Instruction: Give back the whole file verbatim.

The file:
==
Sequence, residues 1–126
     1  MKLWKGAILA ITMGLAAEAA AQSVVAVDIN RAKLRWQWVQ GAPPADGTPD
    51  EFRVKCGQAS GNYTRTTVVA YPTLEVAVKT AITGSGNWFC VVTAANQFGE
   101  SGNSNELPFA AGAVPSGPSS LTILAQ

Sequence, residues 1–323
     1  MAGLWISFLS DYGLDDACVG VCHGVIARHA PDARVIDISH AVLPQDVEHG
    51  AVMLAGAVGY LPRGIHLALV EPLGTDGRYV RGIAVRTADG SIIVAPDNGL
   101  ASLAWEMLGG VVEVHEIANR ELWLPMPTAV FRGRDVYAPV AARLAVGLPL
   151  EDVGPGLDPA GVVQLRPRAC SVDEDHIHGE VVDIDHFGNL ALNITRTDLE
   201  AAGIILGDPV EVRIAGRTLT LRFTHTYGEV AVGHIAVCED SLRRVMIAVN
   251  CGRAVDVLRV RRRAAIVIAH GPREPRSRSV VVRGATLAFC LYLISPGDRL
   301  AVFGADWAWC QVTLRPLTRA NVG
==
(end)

Sequence, residues 1–126
     1  MKLWKGAILA ITMGLAAEAA AQSVVAVDIN RAKLRWQWVQ GAPPADGTPD
    51  EFRVKCGQAS GNYTRTTVVA YPTLEVAVKT AITGSGNWFC VVTAANQFGE
   101  SGNSNELPFA AGAVPSGPSS LTILAQ

Sequence, residues 1–323
     1  MAGLWISFLS DYGLDDACVG VCHGVIARHA PDARVIDISH AVLPQDVEHG
    51  AVMLAGAVGY LPRGIHLALV EPLGTDGRYV RGIAVRTADG SIIVAPDNGL
   101  ASLAWEMLGG VVEVHEIANR ELWLPMPTAV FRGRDVYAPV AARLAVGLPL
   151  EDVGPGLDPA GVVQLRPRAC SVDEDHIHGE VVDIDHFGNL ALNITRTDLE
   201  AAGIILGDPV EVRIAGRTLT LRFTHTYGEV AVGHIAVCED SLRRVMIAVN
   251  CGRAVDVLRV RRRAAIVIAH GPREPRSRSV VVRGATLAFC LYLISPGDRL
   301  AVFGADWAWC QVTLRPLTRA NVG